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Hyaluronic Acid: Production, Properties, Application in Biology and Medicine

ISBN: 978-1-118-63379-3
216 pages
March 2015
Hyaluronic Acid: Production, Properties, Application in Biology and Medicine (1118633792) cover image


Hyaluronic acid is an essential part of connective, epithelial and neural tissues, and contributes to cell proliferation and migration. It is used as a stimulating agent for collagen synthesis and is a common ingredient in skin-care products, a multi-billion dollar industry, as it is believed to be a key factor in fighting the aging process.

Hyaluronic Acid: Production, Properties, Application in Biology and Medicine consists of six chapters discussing the various issues of hyaluronic acid research. In Chapter 1, a historical analysis recounts the discovery and milestones of the research leading to the practical applications of hyaluronan. Chapter 2 is dedicated to biological role of the hyaluronic acid in nature, in particular in the human body. The chapter starts from the phylogenesis of hyaluronic acid, then describes hyaluronan functions in human ontogenesis and especially the role which hyaluronan plays in extracellular matrix of the different tissues. Chapter 3 describes the methods to manufacture and purify hyaluronic acid, including the analytical means for assessing quality of the finished product. Chapter 4 discusses the structure and rheological properties of hyaluronic acid considering effects on conformation and biological properties related to molecular weight. In Chapter 5, the physical and chemical methods for modifying the structure of hyaluronan are discussed including cross-linking using bi-functional reagents, solid-phase modification and effects of the combined action of high pressures and shift deformation. The final chapter focuses on the products derived from hyaluronic acid, including therapeutics composed of modified hyaluronan conjugated to vitamins, amino acids and oligo-peptides. The biological roles and medical applications of this polysaccharide have been extensively studied and this book provides a wealth of scientific data demonstrating the critical role of hyaluronic acid and its promise as a multifaceted bio-macromolecule.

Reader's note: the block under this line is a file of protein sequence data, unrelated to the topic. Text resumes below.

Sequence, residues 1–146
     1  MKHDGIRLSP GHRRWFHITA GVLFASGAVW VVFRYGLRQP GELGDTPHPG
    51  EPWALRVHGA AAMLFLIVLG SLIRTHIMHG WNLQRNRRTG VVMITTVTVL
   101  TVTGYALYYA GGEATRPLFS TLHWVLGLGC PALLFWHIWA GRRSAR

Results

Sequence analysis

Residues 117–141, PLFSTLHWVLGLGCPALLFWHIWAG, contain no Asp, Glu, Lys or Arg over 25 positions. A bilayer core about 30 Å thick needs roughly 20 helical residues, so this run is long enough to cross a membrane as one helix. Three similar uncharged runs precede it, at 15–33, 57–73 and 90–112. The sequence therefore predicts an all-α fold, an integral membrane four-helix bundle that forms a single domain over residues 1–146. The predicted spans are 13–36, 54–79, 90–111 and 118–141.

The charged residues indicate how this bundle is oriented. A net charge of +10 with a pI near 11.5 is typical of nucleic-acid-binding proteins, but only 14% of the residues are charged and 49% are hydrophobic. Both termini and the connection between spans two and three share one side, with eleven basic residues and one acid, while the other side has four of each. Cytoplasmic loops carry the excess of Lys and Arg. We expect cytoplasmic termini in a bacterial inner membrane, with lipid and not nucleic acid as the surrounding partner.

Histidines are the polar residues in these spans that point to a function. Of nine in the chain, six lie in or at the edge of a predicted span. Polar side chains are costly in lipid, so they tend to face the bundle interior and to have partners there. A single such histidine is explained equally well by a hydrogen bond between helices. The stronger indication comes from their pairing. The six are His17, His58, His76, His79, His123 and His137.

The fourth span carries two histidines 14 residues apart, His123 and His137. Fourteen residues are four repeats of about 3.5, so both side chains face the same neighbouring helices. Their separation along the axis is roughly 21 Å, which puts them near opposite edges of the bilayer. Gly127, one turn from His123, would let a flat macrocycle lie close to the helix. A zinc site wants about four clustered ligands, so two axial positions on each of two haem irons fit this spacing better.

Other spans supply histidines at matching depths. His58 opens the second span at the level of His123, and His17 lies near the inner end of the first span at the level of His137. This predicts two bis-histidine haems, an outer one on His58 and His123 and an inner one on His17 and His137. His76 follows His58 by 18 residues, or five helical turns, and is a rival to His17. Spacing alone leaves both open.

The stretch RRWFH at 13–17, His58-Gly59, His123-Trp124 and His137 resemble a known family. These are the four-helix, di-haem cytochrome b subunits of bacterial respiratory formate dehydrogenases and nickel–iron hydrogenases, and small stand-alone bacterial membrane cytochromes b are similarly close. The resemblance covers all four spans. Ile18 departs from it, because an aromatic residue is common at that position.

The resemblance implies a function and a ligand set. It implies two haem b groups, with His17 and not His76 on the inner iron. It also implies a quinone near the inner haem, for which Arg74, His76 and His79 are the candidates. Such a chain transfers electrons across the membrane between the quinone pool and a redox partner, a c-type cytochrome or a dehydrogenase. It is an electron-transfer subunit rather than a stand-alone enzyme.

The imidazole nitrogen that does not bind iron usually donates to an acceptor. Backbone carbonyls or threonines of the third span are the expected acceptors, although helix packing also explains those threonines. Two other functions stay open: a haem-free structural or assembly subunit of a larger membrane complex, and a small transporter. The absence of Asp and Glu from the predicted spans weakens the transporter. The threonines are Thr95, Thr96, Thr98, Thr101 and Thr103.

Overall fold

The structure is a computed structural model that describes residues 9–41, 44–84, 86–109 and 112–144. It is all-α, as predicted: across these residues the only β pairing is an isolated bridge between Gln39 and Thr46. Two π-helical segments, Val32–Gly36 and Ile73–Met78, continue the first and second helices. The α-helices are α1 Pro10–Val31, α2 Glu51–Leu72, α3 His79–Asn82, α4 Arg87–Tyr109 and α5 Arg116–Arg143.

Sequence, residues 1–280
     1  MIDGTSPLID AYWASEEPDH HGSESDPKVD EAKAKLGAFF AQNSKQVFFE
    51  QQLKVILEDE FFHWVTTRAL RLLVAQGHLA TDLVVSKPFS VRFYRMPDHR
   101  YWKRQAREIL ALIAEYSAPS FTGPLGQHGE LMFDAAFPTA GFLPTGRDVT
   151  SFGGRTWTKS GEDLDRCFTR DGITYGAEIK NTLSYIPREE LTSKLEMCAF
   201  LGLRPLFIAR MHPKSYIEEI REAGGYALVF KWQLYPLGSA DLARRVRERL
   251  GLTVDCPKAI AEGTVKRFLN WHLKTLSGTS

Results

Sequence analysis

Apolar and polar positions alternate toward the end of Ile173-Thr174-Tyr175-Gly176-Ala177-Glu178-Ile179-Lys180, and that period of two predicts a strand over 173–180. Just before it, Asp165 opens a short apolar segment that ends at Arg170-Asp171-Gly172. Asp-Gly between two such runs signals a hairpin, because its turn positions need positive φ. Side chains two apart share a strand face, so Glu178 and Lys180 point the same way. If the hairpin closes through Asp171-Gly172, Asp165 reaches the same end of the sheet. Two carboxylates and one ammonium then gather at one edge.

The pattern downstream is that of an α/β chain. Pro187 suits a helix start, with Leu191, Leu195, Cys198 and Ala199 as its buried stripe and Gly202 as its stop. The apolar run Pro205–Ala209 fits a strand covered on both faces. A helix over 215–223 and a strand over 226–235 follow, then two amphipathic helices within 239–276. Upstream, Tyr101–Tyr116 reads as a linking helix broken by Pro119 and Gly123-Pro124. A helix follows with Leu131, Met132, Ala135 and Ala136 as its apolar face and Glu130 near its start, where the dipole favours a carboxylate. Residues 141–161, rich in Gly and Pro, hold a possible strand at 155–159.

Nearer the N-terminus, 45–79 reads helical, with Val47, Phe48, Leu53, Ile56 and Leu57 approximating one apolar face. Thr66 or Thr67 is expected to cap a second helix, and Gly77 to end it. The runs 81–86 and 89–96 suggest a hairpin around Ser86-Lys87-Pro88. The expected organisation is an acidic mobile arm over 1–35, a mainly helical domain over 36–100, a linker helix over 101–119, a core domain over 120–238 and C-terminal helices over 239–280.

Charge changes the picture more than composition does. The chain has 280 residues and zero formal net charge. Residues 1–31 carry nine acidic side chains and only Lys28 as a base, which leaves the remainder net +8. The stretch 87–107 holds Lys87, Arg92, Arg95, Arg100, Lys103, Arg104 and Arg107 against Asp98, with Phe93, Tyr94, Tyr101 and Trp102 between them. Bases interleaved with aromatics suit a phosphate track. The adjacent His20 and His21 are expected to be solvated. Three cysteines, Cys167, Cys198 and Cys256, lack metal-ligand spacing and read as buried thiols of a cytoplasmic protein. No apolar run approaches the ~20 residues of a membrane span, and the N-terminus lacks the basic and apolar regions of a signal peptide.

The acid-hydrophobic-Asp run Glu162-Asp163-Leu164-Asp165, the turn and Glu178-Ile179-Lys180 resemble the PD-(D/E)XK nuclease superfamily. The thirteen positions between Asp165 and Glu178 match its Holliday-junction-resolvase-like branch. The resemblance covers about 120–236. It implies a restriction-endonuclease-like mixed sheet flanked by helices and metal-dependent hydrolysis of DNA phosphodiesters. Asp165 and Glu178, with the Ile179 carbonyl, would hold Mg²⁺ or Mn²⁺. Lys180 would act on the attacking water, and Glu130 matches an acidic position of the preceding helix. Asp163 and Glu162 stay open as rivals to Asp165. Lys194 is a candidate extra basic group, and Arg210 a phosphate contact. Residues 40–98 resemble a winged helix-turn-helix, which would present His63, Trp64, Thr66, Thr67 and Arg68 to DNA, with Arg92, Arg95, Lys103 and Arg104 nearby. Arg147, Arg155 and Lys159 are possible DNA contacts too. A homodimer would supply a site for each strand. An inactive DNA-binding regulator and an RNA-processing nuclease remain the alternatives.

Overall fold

Approaching hyaluronic acid from multiple angles, this book links relationships between its biological functions, structure and physical–chemical properties. It will be an invaluable resource to researchers, both industrial and academic, involved in all aspects of hyaluronan-based technologies.

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Table of Contents

Foreword xi

Introduction xiii

1 The History of Hyaluronic Acid Discovery, Foundational Research and Initial Use 1

1.1 Discovery 1

1.2 Foundational Research 2

1.3 Initial Medical Applications 3

1.4 Sources of Hyaluronan 4

1.5 Current Medical Study and Use 6

1.6 Impact and Future Directions 7

References 7

2 The Biological Role of Hyaluronic Acid 9

2.1 Hyaluronic Acid Phylogenesis 9

2.1.1 Polysaccharide Structure and the Problems of Phylogenesis 13

2.1.2 Physico-Chemical and Functional Differences of Polysaccharides 18

2.1.3 Biochemical Features of Hyaluronic Acid and Other Glycosaminoglycans 20

2.2 Functions of Hyaluronan in Human Ontogenesis 22

2.2.1 Role of Hyaluronic Acid in Fertilization 22

2.2.2 Hyaluronan and Other Glucosaminoglycans in Cell Division, Migration and Differentiation 25